Let’s face it, we’re 21 months(!) in and we’re all tired of COVID.

We’re tired of hearing about it on the nightly news and listening to vaccination rates across the country.

We’re tired of feeling whatever we’re feeling about it (agitated, anxious, and angry are among the top feelings reported).

We’re tired of mutations, mandates, and masks. (although we continue to do our part).

We’re all worn out, worn down, or just plain ole’ worn.

Jon Kabat Zinn, mindfulness guru and one of my teachers, popularized the term, ‘full catastrophe living,’ years ago when he wrote a book by the same name back in the mid-90s.

Working with patients at the Stress Reduction Clinic at the University of Massachusetts Medical Center, he happened upon the phrase from the movie Zorba the Greek.

In one scene Zorba’s young companion asks him if he’d ever been married, to which he replies,

“Am I not a man? Of course, I’ve been married. Wife, house, kids . . . the full catastrophe!”

In Jon’s telling, “It was not meant to be a lament, nor does it mean that being married or having children is a catastrophe. Zorba’s response embodies a supreme appreciation for the richness of life and the inevitability of all its dilemmas, sorrows, traumas, tragedies, and ironies.

Zorba’s way is to “dance” in the gale of the full catastrophe, to celebrate life, to laugh with it, and at himself, even in the face of personal failure and defeat. In doing so, he is never weighed down for long, never ultimately defeated either by the world or by his own considerable folly.”

Living “the full catastrophe” captures something that’s positive about our ability to get a grip and come to terms with what’s most tricky in life, and finding the space to learn and grow in that place.


In short, it’s about tapping into what’s most human within ourselves—our capacity to bounce back in face of the full catastrophe.

However, what typically occurs, and the first thing to go, is what a colleague calls our ‘stabilizing’ activities or practices:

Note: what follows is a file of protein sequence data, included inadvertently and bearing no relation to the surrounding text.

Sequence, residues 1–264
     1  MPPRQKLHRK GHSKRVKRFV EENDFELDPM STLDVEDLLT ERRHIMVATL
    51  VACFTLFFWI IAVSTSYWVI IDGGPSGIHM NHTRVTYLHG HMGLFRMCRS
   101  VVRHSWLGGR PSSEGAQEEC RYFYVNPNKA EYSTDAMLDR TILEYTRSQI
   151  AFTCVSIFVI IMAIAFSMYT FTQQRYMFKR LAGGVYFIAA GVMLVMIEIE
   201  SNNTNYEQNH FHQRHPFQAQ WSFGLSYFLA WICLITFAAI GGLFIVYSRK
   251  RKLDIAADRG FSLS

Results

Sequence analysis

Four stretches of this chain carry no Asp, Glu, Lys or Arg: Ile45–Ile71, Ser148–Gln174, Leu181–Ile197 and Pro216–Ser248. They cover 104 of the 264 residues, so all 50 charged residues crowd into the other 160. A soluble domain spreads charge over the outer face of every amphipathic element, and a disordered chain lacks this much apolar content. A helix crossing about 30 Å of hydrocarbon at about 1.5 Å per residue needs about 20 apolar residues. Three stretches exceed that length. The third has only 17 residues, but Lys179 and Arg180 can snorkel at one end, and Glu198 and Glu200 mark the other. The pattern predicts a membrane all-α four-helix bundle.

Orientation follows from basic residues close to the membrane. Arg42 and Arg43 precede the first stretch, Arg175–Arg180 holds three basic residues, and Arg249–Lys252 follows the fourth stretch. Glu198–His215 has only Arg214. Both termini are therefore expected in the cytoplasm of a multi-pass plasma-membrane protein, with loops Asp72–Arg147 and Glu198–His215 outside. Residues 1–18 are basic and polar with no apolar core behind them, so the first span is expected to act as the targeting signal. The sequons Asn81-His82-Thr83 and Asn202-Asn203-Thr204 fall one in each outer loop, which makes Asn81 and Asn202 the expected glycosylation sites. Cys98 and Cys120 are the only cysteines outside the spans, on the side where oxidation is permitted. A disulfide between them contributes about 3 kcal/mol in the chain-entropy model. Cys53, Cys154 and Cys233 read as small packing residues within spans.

• Getting enough rest
  • Eating healthy
  • Taking time to renew your energy
  • Connecting with friends, family, or the neighbors
  • Time away from screens

Instead, we find ourselves on a slippery slope of choices and behaviors that don’t support us:

  • In the freezer with our spoon in a quart of Ben & Jerry’s ice cream
  • Not prepping as effectively for meetings, thinking we can wing it
  • Reaching for that extra afternoon coffee or glass(es) of wine
  • Driving by the gym to hit up the drive-thru
  • Staying up too late on our devices
  • Isolating from others and adding stress to relationships

None of these unconscious choices help build the resiliency needed to effectively deal with the likes of COVID or any other “catastrophe” for that matter.

Building resilience involves choosing to intentionally stretch outside or our comfort zone, though it’s not something extraordinary or something that only others can grasp. In fact, we’re all capable of developing it as part of our own unique and ordinary journey in life.

It’s embracing the need to adapt to change, even in the face of any number of adversities, that grows your resilience.


5 Ways to Build Resilience

Cultivate Connections—good relationships where you can give and receive are essential. Lack of social connection is a greater detriment to health than obesity, smoking, and high blood pressure. On the flip side, strong social connection leads to a 50% increased chance of longevity. Social connection even strengthens our immune system!

Accept that Change is a Part of Life—living the full catastrophe—in the face of reality, some goals may not be attainable. Accepting this allows you to focus on what you can impact and control.

Keep it in Perspective—Make it your habit to consider multiple perspectives in any stressful situation or conversation. Holding it in a broader context will allow you space to let emotional reactions settle while building your emotional capacity.

Practice Positive Self-Care—pay attention to your energy emotional needs so you know which next right step is best for you e.g. exercise, social time, a nap, etc. Taking care of yourself keeps your mind and body primed for situations that require resilience.

Take Decisive Action—rather than numbing, avoiding or getting caught up in a twist.

You can start today by choosing to build your resilience, “I want to do this for myself.” Whether it’s going to the gym, an evening out with friends, or turning off the third episode of the show you’re bingeing.

It’s quite possible that you’ll likely face self-resistance at first; it’s normal.

So you can anticipate that you might just try to find ways to avoid and diminish the positive effects of resilience-building practices, despite also wanting to become stronger.

You’ll build the habit by remembering that you’re choosing to allow resistant thoughts to pass you by while committing to enacting the practice it anyway.


Action Steps

1. Pick two of the above examples as non-negotiables for the next month.

2. Commit to doing them by telling a friend or spouse about your decision which will strengthen your resolve. Even better, get someone to commit with you!

3. Lastly, select a check-in time with yourself once per week. It’s a time for true-to-you self-accountability to make sure you’re on your own right track and to celebrate the wins from the week.